Greece continues to star in the headlines because the financial crisis is reaching a boil visually as Molotov cocktails explode in Athens and anarchists break into a hospital where one of their wounded comrades was in police custody. The city is in the grip of a general strike to protest the current austerity measures.

Representatives of the IMF and the EU are flocking to Athens to impose yet more austerity measures in a desperate attempt to plug the financial dike.

The Cassandras are increasing in stridency and volume and have become mainstream.

The Wall Street Journal features a column claiming that the Euro at its current level of 1.44 to the dollar is overpriced given the financial storms on the way, while another headline spoke of financial panic. The Economist is using the "D" word denial to describe the European financial establishment. Forbes basically stated that the choice was either a Greek default or Greece leaving the Eurozone.

Jonathan Weil in Bloomberg summed up the situation as follows: There’s a point in almost every financial crisis when pretty much anything anybody says about it can take on a ring of truth, because the leaders responsible for dealing with the disaster have squandered their credibility.

There are other telltale signs. The hints coming from Germany that Greece should be ejected from the Eurozone have become clear statements. The Finnish parliament is delaying approval of the Portuguese bailout and Commissioner Ollie Rehn is warning Greece not to contemplate a debt restructuring that would have disastrous consequences for Greece and the Eurozone. Angela Merkel warns against easing repayment terms for Greece and Ireland and is awaiting the report from the IMF before deciding on further steps for Greece.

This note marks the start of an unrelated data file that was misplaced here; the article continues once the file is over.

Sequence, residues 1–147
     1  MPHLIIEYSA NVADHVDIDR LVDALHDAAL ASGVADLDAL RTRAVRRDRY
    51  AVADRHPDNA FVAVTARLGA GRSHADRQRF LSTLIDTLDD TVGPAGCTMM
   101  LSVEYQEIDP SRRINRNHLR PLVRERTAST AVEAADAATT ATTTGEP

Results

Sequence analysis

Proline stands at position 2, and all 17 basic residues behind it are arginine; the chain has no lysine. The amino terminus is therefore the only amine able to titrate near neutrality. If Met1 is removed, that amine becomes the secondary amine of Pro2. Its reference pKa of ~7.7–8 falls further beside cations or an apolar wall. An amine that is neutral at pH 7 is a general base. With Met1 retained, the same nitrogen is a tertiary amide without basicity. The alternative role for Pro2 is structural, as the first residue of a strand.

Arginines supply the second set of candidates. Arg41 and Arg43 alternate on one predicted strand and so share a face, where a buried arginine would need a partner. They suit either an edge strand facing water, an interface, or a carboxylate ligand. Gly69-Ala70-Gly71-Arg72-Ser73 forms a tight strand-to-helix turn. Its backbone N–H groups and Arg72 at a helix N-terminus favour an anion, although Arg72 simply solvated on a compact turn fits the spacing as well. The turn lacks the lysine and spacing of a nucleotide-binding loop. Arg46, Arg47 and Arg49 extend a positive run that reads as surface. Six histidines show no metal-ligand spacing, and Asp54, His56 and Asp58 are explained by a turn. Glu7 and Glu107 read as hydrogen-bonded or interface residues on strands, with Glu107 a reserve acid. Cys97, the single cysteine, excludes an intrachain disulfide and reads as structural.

Christine LaGarde, the French finance minister, is saying that the EU is going to have keep funding an insolvent Greece as the alternatives are worse. This however will not be accepted by the taxpayers in the richer countries who will balk at paying nor by citizens in the recipient countries who will refuse to live in permanent austerity.

Eventually someone always comes up with a theory that this is not madness but a calculated policy. This is what Anatole Kaletsky has done in the (British) Times. He claims that Brussels is using the bailouts essentially as a full dress rehearsal to acclimate public opinion within the Eurozone that control of national tax, spending and social policies will move from the nation state to centralized control.

When the European Common Market, the forerunner to the EU, was formed in 1955, the federalists predicted that once a particular area was removed from national control other areas would inexorably follow as part of a spillover effect. The ultimate destination  will be a European super state.